Boston — As another American presidential campaign winds down, the time may be right for a bit of historical perspective on the perplexing process by which we've come to choose our chief executives. Katherine Hall Jamieson, a professor of communication at the University of Maryland, is primed to provide it.
Dr. Jamieson's just-published book, ''Packaging the Presidency: a History and Criticism of Presidential Campaign Advertising'' (Oxford University Press), is a varied, sometimes fascinating mass of historical anecdote arranged to provide a chronology of presidential campaigning in the television age.
Over breakfast at a downtown Boston hotel recently, she shared some observations on the evolution of presidential campaigning generally and on the Reagan-Mondale campaign in particular. Discussion revolved around the central question: To what extent is advertising distorting the political process, giving us candidates who are more the creations of their ''media men'' than of their own thoughtful wrestling with issues?
In doing research for her book, Jamieson looked for presidential campaign ads that, in her words, ''demonstrate advertising's fundamental distortion of the political system.'' Her finding? ''They're just not there.''
That doesn't mean distortion has been wholly absent. She did come across such highly suspect items as the 1960 John Kennedy ads that used clips from his debates with Richard Nixon. The ads showed Nixon nodding as if in agreement with what his opponent was saying, an effect created by editing the film excerpts together out of sequence from what actually transpired in the debate, says Jamieson. Hardly a gross distortion, but damaging to Nixon. The Republicans raised a fuss, but the press didn't bother to compare the ads to the debate itself - a journalistic lapse that wouldn't have occurred a decade later, Jamieson contends.
What spurred journalistic interest? Most important, she says, Joe McGinniss wrote ''The Selling of the President.'' That 1969 book, based on McGinniss's firsthand observation of Nixon campaign strategy sessions in 1968, was the ''turning point in press awareness of campaign advertising,'' says Dr. Jamieson.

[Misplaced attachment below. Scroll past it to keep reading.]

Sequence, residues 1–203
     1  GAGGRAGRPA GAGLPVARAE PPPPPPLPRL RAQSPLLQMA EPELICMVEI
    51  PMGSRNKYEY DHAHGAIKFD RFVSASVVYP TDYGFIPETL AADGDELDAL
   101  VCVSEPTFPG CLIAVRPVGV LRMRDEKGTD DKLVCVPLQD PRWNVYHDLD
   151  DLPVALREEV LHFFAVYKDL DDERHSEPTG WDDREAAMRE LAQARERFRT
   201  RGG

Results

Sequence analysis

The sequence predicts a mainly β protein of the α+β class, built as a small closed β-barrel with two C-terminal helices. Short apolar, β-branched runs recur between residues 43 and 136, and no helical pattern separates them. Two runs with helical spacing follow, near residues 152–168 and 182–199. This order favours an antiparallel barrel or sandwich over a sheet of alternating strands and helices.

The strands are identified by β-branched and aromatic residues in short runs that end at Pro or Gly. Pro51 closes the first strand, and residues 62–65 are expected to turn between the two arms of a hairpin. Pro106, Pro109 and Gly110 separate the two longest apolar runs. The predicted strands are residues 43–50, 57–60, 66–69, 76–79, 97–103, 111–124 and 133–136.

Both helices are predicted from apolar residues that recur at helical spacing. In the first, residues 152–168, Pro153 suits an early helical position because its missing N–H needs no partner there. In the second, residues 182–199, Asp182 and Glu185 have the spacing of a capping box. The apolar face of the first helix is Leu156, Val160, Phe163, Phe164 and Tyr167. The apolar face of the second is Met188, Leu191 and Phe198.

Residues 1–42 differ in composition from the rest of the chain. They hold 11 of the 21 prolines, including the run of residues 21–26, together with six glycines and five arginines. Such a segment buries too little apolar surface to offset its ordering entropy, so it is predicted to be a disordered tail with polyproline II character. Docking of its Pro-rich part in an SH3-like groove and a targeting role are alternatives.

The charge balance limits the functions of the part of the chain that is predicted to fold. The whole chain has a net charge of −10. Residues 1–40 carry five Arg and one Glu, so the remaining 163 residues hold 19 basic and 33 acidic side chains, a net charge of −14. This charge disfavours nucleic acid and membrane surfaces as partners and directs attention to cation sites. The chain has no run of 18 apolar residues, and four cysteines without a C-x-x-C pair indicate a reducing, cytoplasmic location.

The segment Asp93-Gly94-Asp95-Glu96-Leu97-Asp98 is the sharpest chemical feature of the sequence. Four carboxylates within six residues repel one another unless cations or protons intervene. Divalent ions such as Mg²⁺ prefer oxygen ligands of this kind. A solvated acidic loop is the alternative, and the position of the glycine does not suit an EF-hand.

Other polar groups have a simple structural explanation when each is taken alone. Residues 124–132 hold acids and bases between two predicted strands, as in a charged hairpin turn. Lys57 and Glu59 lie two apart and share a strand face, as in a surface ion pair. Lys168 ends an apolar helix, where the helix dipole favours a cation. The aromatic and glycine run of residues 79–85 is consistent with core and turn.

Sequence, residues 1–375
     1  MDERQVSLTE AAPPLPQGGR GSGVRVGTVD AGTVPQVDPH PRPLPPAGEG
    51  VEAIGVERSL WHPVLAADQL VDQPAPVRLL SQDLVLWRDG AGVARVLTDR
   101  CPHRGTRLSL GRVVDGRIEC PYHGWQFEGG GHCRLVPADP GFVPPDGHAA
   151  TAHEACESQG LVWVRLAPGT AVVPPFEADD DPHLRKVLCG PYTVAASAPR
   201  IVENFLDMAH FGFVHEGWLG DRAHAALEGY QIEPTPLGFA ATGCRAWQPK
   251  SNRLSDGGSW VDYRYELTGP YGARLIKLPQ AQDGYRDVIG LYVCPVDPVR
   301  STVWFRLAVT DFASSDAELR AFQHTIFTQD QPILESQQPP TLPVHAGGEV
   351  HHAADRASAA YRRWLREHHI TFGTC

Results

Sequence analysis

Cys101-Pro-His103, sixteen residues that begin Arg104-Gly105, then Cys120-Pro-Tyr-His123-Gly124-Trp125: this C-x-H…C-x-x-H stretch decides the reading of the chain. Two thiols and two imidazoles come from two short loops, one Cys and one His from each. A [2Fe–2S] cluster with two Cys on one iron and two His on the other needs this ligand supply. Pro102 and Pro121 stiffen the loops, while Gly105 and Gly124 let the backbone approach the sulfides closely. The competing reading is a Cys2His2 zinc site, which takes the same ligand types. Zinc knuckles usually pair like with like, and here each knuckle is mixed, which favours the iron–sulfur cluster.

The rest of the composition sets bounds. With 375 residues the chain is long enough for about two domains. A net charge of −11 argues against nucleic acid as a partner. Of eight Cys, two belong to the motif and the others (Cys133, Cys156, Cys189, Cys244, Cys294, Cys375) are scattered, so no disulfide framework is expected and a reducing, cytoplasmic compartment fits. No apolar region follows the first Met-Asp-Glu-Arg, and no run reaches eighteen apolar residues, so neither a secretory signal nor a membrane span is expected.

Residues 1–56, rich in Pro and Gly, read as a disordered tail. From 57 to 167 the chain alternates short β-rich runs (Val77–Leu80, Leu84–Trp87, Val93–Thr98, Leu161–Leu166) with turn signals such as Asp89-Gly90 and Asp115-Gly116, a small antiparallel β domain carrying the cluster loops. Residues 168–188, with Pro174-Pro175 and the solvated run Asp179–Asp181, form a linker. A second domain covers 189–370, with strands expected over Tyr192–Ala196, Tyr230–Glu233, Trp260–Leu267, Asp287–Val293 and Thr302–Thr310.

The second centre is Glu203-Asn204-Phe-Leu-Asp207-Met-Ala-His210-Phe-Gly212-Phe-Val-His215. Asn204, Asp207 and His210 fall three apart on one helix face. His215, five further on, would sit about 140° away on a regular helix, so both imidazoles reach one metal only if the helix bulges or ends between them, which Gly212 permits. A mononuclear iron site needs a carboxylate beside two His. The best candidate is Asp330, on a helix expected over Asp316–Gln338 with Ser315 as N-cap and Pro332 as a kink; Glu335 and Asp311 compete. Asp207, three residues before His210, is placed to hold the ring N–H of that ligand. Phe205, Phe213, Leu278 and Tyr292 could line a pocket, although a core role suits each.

But McGinniss's central point - that campaign advertising can grossly distort the public's perception of a presidential candidate - is false, according to Jamieson. ''Ads just build on and digest material already in the campaign,'' she argues. And the inclusion of professional advertising techniques in political campaigns - so shocking to McGinniss - was something that predated his book by nearly two decades, she says, going back to Eisenhower's 1952 campaign.
Political imagemaking itself goes back much farther. In her book, Dr. Jamieson at one point sketches William Henry Harrison's 1840 run for the White House. His imagemakers successfully put across their wealthy and ailing candidate as a rough and ready frontiersman, a true man of the people.
A fundamental thing to remember about political imagemaking, says the very straight-talking Jamieson, is that ''it's an art, not a science.'' The consultants who sign on to perform media magic for politicians are eminently fallible, she points out. ''More often than not, these people shoot their candidates in the foot.''
Any wounded feet this political year? Plenty on both sides, she says. Reagan's ''feeling good about America'' ads have left him ''vulnerable to the charge that it's a Pollyanna-ish approach that denies there are problems yet to be addressed.'' Such rosy repetitions might work for Pepsi-Cola, she says, but they can undermine credibility in a political campaign.
And the challenger? ''It could have been a close campaign had Mondale played it right,'' says Jamieson. In her analysis, the Democrats made ''an immense advertising blunder'' by not following up quickly on Mondale's well-received acceptance speech in San Francisco. That speech should have spawned a series of hard-hitting ads, she says. Instead, says Jamieson, the Mondale ad team languished in organizational chaos, missing opportunities to seize the offensive - the late-summer release of an Urban Institute study pointing to increased poverty in the US, for example.
But beyond strategic errors and the rare intentional distortion, Jamieson sees an overall problem with TV ads in a campaign. ''The forms are too short,'' she says. ''What you get is telegraph communication, with little in the way of genuine evidence....'' That failing, she feels, is only partially remedied by debates.
It's true that televised debates raise a whole new set of image issues - who looks good on the screen and who doesn't - but democracy is served nonetheless, she says. ''Viewers have a chance to see tendencies, see habits of mind - what you have to worry about, what you don't have to worry about.''
One last point: While Dr. Jamieson feels gross distortion through misuse of advertising is unlikely in a presidential campaign, she sees little to avert it in local and state politics. At that level, she says, the two main checks on distortion are often missing: tough-minded, persistent press coverage, and built-in restraints on campaign spending.